Top 10 things I’ve learned about sleep

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Hey all, greetings from New York!

When Covid started, I had trouble sleeping. I’d wake up in the middle of the night. I had strange dreams.

Studies show many people suffered from decreased sleep quality during the lockdowns.

It’s not hard to understand why. More screen time, oddly-timed meals, above-average drinking, and anxiety are contributors to poor sleep.

I wondered: What can science teach us about how to improve our sleep?

I’ll share the top things I’ve learned about sleep, from kiwi fruit to sunlight exposure.

1. Sleep helps us live longer

I listened to an interview with Dr. Matthew Walker, a sleep expert and professor of neuroscience and psychology at the University of California, Berkeley, and author of the book Why We Sleep. He said:

“Sleep is probably the single most effective thing you can do to reset your body and health.”

Studies have shown that sleep loss leads to slower reaction time and decreased cognitive performance. Insufficient sleep has been associated with an elevated risk of obesity.

Sleep can enhance longevity, and lack of sleep can shorten life.

2. Sleep is where the brain consolidates learning

According to Dr. Andrew Huberman, professor of neurobiology at Stanford, sleep plays a big role in learning and neuroplasticity—the brain’s ability to form new neural connections. This starts with periods of deep focus, but neuroplasticity actually occurs during deep rest and sleep.

As Huberman explains, the brain is typically focused on 3 things: duration, path and outcome: “What am I doing, where am I going, and what’s the point?”

These three things become loose during deep sleep. That’s why when you emerge from sleep you may have new ideas. The transition out of sleep is when creativity arises. Huberman’s advice for learning: Focus really hard, then tune out.

3. How sleep trackers can help

A few months ago I started using the Whoop strap. Whoop measures not only how long you sleep, but the time spent in each stage and overall sleep quality.

Whoop is the first wearable I’ve used that measures heart rate variability (HRV). This tells you how well your body recovers from stress. You want a high HRV. It means that your heart is communicating well with your central nervous system.

Whoop helped me understand how different activities affected my sleep quality. My recovery score was higher on days when I exercised early in the day, avoided eating late meals and stayed away from screens near bedtime.

Why it’s important to track REM sleep

Sleep is separated into two main types: (1) rapid eye movement (REM) sleep and (2) non-REM deep sleep. The first half of the night is dominated by non-REM deep sleep; the second half of our sleep is dominated by REM sleep.

In REM sleep, the brain paralyzes the body so the mind can dream safely without the body taking action. REM sleep is important for emotional regulation and mental health. Deep sleep is important for saving memories in the brain.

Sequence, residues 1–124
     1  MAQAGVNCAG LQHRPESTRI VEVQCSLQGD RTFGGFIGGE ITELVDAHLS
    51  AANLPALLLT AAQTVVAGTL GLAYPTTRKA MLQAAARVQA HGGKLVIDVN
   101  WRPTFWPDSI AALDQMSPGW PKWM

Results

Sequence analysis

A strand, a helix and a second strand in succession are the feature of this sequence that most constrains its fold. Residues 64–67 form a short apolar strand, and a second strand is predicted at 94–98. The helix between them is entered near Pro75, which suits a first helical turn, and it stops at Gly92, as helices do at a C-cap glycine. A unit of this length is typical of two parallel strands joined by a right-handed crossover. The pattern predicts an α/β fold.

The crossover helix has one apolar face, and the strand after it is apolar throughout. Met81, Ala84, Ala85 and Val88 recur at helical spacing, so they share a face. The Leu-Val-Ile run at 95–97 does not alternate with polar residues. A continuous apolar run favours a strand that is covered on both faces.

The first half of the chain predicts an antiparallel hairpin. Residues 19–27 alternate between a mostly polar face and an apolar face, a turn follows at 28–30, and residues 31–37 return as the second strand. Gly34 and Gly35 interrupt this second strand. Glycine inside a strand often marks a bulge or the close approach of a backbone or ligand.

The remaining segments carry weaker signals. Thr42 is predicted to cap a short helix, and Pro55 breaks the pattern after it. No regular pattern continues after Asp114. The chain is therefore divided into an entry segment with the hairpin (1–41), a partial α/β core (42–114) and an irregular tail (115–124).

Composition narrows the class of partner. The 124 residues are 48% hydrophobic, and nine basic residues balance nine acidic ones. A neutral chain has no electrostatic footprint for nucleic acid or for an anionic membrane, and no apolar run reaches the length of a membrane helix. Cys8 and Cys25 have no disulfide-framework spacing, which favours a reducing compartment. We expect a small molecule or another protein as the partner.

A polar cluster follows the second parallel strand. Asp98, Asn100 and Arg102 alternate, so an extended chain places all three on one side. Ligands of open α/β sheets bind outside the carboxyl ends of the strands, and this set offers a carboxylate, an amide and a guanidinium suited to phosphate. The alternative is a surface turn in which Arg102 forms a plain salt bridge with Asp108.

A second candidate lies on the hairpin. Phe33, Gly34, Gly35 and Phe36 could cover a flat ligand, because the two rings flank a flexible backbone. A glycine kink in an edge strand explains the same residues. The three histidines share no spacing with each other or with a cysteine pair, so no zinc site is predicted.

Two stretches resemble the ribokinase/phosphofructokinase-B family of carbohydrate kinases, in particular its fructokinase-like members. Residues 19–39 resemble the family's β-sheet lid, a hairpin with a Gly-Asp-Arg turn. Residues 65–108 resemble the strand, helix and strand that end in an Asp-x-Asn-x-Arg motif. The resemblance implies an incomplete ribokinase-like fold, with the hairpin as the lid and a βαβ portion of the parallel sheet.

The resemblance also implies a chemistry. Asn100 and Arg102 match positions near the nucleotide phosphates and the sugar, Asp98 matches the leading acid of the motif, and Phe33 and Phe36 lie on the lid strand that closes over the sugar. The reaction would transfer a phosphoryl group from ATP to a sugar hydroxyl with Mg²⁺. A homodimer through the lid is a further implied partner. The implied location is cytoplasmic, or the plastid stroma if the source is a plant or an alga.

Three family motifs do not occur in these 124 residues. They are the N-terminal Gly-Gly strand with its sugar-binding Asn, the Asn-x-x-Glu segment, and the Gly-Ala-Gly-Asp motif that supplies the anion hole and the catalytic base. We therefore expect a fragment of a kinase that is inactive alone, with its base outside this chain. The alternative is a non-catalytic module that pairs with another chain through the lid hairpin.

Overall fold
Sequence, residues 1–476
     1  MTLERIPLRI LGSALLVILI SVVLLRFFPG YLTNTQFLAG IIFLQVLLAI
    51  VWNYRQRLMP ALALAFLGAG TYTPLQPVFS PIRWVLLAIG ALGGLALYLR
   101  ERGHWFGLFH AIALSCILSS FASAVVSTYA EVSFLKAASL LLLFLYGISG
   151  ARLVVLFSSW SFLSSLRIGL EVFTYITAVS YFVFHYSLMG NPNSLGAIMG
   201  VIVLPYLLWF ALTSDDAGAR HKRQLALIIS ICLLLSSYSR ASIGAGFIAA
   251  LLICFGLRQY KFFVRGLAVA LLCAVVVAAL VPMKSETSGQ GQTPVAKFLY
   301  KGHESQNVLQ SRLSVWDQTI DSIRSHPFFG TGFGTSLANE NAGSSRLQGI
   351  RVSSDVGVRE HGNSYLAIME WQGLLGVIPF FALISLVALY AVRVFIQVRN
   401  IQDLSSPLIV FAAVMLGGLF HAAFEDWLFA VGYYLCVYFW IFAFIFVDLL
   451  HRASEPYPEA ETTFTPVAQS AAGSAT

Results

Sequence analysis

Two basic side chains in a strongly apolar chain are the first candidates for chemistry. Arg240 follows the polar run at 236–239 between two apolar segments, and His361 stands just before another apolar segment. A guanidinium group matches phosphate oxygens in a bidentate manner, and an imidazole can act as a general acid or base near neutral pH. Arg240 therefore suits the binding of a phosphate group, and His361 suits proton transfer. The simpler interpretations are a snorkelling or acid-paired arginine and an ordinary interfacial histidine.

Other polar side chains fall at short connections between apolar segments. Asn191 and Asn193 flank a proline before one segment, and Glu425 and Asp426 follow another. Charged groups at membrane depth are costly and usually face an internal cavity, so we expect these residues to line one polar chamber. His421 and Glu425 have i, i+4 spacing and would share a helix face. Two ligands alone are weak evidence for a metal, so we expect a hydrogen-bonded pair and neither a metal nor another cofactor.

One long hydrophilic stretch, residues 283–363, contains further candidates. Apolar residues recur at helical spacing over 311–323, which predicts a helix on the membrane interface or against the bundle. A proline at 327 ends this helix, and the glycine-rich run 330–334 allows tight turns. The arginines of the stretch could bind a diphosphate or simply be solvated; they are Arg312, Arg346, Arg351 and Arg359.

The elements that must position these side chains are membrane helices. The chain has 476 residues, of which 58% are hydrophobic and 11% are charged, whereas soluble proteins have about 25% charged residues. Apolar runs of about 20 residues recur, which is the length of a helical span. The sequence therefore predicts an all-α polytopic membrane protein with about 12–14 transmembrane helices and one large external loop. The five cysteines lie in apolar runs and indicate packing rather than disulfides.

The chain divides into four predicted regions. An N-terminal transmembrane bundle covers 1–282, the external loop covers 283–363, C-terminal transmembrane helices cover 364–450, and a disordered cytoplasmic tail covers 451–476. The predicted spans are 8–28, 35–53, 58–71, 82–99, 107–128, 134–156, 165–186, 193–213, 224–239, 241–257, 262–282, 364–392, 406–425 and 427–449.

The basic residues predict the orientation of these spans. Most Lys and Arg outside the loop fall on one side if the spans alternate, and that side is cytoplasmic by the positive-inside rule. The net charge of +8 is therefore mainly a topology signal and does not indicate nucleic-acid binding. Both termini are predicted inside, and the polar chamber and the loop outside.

Dr. Walker says the amount of REM sleep we get is directly correlated with life span. The lower your REM sleep, the higher all-cause mortality. Ideally, 20-25% of sleep should be in the REM stage.

4. Keep a consistent sleep schedule

Sleep experts emphasize the importance of waking up and going to sleep at the same time each day. Being consistent reinforces your body’s sleep-wake cycle, says Dr. Michael Breus, clinical psychologist and a fellow of The American Academy of Sleep Medicine:

“Of all the sleep tips you could ever read or hear about, the most important one is to stick to one sleep schedule—every day. When sleep has a regular rhythm, your biological clock will be in sync and all of your other bodily functions will go smoother, including your sleep.”

Dr. Breus has developed a Sleep Calculator tool to help you figure out what time you should be going to bed.

How light affects sleep

Light exposure plays an important role in regulating sleep, says Dr. Huberman. Light is crucial to establishing the body’s circadian rhythms, the subtle cues of metabolism that help the body stay awake during the day and prepare to sleep in the evening.

Dr. Huberman recommends getting sunlight in your eyes first thing in the morning, without sunglasses:

“Viewing sunlight (which includes blue wavelengths) and even artificial blue light is terrific when done in the morning and throughout the day for circadian clock setting, and for various aspects of mental and physical health.”

5. Avoid caffeine late in the day

Dr. Walker writes about how caffeine affects sleep:

“Caffeine has an average half-life of five to seven hours. Let’s say that you have a cup of coffee after your evening dinner, around 7:30 p.m. This means that by 1:30 a.m., 50 percent of that caffeine may still be active and circulating throughout your brain tissue. In other words, by 1:30 a.m., you’re only halfway to completing the job of cleansing your brain of the caffeine you drank after dinner.”